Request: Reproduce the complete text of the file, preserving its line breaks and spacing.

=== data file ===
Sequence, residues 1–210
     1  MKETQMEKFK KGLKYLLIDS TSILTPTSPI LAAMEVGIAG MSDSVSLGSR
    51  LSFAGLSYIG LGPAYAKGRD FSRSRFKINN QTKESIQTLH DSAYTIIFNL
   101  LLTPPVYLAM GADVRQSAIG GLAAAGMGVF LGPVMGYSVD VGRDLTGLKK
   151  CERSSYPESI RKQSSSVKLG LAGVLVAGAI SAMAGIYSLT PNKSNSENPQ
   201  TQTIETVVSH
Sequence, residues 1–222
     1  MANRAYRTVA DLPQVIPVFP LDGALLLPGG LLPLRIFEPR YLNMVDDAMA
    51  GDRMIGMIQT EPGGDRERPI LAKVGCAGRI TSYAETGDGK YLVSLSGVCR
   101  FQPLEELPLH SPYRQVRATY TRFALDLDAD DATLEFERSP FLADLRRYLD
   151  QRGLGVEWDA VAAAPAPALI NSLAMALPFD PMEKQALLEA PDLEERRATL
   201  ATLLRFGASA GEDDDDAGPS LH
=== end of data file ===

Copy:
Sequence, residues 1–210
     1  MKETQMEKFK KGLKYLLIDS TSILTPTSPI LAAMEVGIAG MSDSVSLGSR
    51  LSFAGLSYIG LGPAYAKGRD FSRSRFKINN QTKESIQTLH DSAYTIIFNL
   101  LLTPPVYLAM GADVRQSAIG GLAAAGMGVF LGPVMGYSVD VGRDLTGLKK
   151  CERSSYPESI RKQSSSVKLG LAGVLVAGAI SAMAGIYSLT PNKSNSENPQ
   201  TQTIETVVSH
Sequence, residues 1–222
     1  MANRAYRTVA DLPQVIPVFP LDGALLLPGG LLPLRIFEPR YLNMVDDAMA
    51  GDRMIGMIQT EPGGDRERPI LAKVGCAGRI TSYAETGDGK YLVSLSGVCR
   101  FQPLEELPLH SPYRQVRATY TRFALDLDAD DATLEFERSP FLADLRRYLD
   151  QRGLGVEWDA VAAAPAPALI NSLAMALPFD PMEKQALLEA PDLEERRATL
   201  ATLLRFGASA GEDDDDAGPS LH